Yes, Miami actually got better

Andrew Bynum is all smiles in Philly, but his new team might not have the same success this year. David Dow/NBAE/Getty Images

The transactions are still trickling in, but barring an unforeseen blockbuster, we can just about put a wrap on our offseason transactions. Using NBAPET, my system for projecting, evaluating and tracking the league, I've entered all transactions through the weekend and created a wins forecast for every team.

I've also compared the wins forecast to last season's total of Pythagorean wins per 82 games for each team, which is the record each team should have had based on its point differential. This gives us an idea of how teams have moved up and down the NBA ladder since the Heat wrapped up the championship a couple of months ago.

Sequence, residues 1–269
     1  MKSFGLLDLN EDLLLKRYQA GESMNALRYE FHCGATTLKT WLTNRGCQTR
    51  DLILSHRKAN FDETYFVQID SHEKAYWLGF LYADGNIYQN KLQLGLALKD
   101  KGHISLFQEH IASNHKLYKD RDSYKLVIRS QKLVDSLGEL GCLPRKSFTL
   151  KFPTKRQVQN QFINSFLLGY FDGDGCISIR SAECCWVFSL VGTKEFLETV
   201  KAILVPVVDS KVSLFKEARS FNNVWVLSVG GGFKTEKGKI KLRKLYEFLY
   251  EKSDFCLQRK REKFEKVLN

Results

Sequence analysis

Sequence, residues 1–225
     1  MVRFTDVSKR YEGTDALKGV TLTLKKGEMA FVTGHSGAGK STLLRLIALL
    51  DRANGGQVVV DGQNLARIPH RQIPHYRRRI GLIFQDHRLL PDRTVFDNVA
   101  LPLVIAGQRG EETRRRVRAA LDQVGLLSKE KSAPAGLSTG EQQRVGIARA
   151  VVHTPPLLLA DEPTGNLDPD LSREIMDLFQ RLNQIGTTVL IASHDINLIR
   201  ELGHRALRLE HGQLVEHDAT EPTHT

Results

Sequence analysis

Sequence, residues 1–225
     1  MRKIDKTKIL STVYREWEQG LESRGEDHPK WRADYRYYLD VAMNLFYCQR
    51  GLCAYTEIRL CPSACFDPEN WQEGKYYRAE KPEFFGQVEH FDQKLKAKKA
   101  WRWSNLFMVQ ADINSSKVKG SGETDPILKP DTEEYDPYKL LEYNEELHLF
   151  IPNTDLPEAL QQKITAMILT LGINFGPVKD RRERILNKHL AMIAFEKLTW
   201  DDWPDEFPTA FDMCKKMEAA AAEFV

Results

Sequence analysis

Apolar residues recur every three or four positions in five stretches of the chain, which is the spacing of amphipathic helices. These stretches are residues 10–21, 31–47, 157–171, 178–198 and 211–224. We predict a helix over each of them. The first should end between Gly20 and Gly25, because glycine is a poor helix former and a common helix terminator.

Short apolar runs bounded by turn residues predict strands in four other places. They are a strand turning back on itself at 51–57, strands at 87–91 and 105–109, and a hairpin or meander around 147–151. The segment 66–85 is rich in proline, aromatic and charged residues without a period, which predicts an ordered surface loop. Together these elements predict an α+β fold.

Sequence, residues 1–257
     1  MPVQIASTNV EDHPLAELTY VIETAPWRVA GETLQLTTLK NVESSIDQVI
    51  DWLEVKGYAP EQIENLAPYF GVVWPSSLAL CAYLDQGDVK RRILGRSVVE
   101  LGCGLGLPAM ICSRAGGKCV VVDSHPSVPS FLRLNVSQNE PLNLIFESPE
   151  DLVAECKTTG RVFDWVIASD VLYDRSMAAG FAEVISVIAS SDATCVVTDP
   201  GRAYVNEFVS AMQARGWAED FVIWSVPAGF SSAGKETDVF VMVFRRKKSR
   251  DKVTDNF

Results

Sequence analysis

With ESPN.com's Summer Forecast upon us, let's take a look at just how close these projections are to what our expert panel predicted. The first number for each team is projected wins, the second is how many games better (or worse) the team should be than it was in 2011-12.

1. Miami Heat:
60.5 | 2.6

With the Bulls likely to take a big step back this season, the Heat should be able to land the East's top seed with little difficulty, something it has gone without the last two years despite winning a pair of conference titles. Miami projects to be a top-five team on each end of the floor, displaying the most balance of any team in the league.